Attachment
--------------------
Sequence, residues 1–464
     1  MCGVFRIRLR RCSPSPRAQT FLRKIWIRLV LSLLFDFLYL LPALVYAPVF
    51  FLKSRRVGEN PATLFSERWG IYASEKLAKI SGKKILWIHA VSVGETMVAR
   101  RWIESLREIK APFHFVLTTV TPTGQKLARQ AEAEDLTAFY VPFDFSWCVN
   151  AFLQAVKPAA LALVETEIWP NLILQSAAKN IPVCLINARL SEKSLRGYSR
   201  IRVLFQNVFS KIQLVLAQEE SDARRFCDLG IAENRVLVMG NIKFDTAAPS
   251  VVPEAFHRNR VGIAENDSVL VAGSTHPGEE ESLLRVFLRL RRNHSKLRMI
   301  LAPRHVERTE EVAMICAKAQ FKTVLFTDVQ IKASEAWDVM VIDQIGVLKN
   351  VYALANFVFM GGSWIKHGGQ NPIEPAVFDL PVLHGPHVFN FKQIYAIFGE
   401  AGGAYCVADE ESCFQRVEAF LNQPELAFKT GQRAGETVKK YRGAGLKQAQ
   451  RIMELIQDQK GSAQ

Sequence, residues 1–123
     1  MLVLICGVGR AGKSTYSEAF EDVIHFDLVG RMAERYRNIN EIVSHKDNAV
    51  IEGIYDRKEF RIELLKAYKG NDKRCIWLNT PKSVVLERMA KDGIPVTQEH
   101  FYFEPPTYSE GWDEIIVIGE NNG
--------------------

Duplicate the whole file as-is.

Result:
Sequence, residues 1–464
     1  MCGVFRIRLR RCSPSPRAQT FLRKIWIRLV LSLLFDFLYL LPALVYAPVF
    51  FLKSRRVGEN PATLFSERWG IYASEKLAKI SGKKILWIHA VSVGETMVAR
   101  RWIESLREIK APFHFVLTTV TPTGQKLARQ AEAEDLTAFY VPFDFSWCVN
   151  AFLQAVKPAA LALVETEIWP NLILQSAAKN IPVCLINARL SEKSLRGYSR
   201  IRVLFQNVFS KIQLVLAQEE SDARRFCDLG IAENRVLVMG NIKFDTAAPS
   251  VVPEAFHRNR VGIAENDSVL VAGSTHPGEE ESLLRVFLRL RRNHSKLRMI
   301  LAPRHVERTE EVAMICAKAQ FKTVLFTDVQ IKASEAWDVM VIDQIGVLKN
   351  VYALANFVFM GGSWIKHGGQ NPIEPAVFDL PVLHGPHVFN FKQIYAIFGE
   401  AGGAYCVADE ESCFQRVEAF LNQPELAFKT GQRAGETVKK YRGAGLKQAQ
   451  RIMELIQDQK GSAQ

Sequence, residues 1–123
     1  MLVLICGVGR AGKSTYSEAF EDVIHFDLVG RMAERYRNIN EIVSHKDNAV
    51  IEGIYDRKEF RIELLKAYKG NDKRCIWLNT PKSVVLERMA KDGIPVTQEH
   101  FYFEPPTYSE GWDEIIVIGE NNG